Luck is going to be in the NFL in some capacity, either as a broadcaster or an executive. He’s not going to let that Stanford degree go to waste. I’m sure all of the networks are eyeing him for 2020. I could see him joining Joe Tessitore and Booger McFarland in the ESPN Monday Night Football booth. Or maybe Cris Collinsworth decides to hang it up and Luck slides in next to Al Michaels on NBC’s Sunday Night Football.

By hanging it up when he did, Luck saved himself the embarrassment two former Colt quarterbacks suffered, and the embarrassment a third avoided.

Johnny Unitas was, in my opinion, one of the two greatest quarterbacks to grace the National Football League. Sammy Baugh is the other.

Unitas was the NFL when he led the Baltimore Colts to NFL championships in 1958 and ’59. He continued his greatness into the 1960s, then bookended his career by helping the Colts win Super Bowl V in 1970.

In 1972, new Colts general manager Joe Thomas and new owner Bob Irsay ordered Don McCafferty, who coached Baltimore to victory over Dallas two years prior, ordered Unitas to be benched in favor of Marty Domres, who was acquired from the Chargers during the offseason. McCafferty refused and was immediately fired. Unitas was benched by interim coach John Sandusky. He remained on the bench save for brief appearances in December games, when the Colts were assured of their first losing season since 1956.

Unitas was not going to be back in Baltimore for 1973. After 17 seasons in Baltimore, the prudent thing would have been for Johnny U to hang up his black hi-tops and ride off gracefully into the sunset.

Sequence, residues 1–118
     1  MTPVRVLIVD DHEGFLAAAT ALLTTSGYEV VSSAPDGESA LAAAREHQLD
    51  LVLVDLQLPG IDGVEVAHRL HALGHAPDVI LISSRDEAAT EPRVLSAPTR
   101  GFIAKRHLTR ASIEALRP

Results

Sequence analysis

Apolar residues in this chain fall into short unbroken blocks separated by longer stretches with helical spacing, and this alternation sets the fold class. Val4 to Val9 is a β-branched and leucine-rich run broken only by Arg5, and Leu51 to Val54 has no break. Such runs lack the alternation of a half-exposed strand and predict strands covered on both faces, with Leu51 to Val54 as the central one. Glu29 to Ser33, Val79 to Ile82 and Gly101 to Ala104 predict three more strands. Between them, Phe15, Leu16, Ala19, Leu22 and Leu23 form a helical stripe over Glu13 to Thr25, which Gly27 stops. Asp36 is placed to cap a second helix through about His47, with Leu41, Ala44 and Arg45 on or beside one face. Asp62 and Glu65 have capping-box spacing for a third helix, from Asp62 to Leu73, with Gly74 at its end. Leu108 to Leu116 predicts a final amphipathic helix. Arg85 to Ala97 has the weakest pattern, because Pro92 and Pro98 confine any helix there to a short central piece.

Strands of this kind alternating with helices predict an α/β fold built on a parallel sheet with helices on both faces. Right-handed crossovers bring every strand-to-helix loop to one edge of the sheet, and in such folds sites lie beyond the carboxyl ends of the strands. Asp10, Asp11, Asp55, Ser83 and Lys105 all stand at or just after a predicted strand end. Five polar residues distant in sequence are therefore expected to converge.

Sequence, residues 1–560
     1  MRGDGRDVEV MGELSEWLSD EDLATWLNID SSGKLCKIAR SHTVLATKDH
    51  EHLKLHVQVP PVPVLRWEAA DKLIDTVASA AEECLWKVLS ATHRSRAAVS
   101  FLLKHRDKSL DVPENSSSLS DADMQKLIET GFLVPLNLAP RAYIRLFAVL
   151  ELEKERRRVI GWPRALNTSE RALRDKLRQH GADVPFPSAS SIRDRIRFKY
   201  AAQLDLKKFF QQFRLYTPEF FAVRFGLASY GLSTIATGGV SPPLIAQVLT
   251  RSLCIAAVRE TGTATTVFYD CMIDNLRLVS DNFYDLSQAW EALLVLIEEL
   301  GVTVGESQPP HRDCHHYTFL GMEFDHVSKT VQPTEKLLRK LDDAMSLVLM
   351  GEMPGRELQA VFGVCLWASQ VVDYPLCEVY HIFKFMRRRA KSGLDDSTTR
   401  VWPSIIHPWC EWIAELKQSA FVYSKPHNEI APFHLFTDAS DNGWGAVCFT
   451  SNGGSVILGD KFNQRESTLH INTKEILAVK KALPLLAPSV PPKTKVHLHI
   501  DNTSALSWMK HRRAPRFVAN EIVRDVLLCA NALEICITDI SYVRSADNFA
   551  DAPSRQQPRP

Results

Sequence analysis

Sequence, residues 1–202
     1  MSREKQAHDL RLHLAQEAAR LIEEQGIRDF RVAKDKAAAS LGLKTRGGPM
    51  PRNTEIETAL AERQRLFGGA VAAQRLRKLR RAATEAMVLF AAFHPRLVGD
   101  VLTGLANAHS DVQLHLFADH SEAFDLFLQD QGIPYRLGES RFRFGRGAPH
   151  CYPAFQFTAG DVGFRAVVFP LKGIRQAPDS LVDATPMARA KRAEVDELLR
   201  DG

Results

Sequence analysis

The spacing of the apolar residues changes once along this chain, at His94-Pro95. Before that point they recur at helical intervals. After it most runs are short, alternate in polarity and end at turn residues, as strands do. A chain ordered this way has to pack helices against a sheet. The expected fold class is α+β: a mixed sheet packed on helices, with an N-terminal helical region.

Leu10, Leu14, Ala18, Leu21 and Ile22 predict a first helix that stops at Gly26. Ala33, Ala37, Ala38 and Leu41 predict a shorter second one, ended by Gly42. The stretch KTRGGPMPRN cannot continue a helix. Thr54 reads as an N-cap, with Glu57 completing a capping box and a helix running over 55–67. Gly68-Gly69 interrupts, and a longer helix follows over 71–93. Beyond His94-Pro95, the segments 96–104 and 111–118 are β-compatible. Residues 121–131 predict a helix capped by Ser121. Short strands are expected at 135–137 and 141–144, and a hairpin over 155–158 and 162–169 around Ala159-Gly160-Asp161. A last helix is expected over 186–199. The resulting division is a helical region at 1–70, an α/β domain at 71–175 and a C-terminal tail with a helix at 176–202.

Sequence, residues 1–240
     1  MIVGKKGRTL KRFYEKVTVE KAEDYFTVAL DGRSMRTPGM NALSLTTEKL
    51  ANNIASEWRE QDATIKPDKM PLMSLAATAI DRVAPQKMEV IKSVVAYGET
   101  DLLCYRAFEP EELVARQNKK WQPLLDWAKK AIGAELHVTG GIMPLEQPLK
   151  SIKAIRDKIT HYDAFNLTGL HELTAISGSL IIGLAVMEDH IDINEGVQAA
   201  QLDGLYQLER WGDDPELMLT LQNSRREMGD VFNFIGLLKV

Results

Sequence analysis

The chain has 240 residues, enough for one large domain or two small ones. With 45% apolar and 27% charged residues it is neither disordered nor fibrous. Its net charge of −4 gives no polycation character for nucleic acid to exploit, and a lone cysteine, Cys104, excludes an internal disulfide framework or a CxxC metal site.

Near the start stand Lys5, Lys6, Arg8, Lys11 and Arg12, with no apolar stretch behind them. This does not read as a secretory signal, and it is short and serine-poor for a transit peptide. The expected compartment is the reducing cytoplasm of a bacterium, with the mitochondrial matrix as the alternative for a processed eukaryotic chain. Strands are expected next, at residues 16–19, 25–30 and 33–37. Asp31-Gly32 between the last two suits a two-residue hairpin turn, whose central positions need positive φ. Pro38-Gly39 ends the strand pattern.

Sadly, Unitas felt he could still play at 40. So the Colts dealt him to the Chargers, where San Diego coach Harland Svare was assembling the NFL’s old folks home. Unitas joined fellow great Deacon Jones in California, as well as a draftee out of Oregon.

Unitas was well over the hill. His tenure in San Diego was an unmitigated disaster. The Chargers finished 2-11-1, and it was later revealed many players were using marijuana. The only good thing to come out of Unitas’ season with the Chargers was the rapid ascension of Dan Fouts, the rookie who set NFL records piloting Air Coryell in the late 1970s and early 1980s.

Unitas’ replacement was Bert Jones, drafted second overall out of LSU in 1973 (the Saints owned the pick, but traded it to Baltimore for defensive end Billy Newsome). Jones won the NFL’s Most Valuable Player award in 1976 and led the Colts to three consecutive AFC East championships.

By 1981, he had been beaten to a bloody pulp behind a Swiss cheese offensive line. The fact the Colts’ defense had more holes than Swiss cheese forced Jones to throw 50 times a game, wearing out his arm faster than it should have.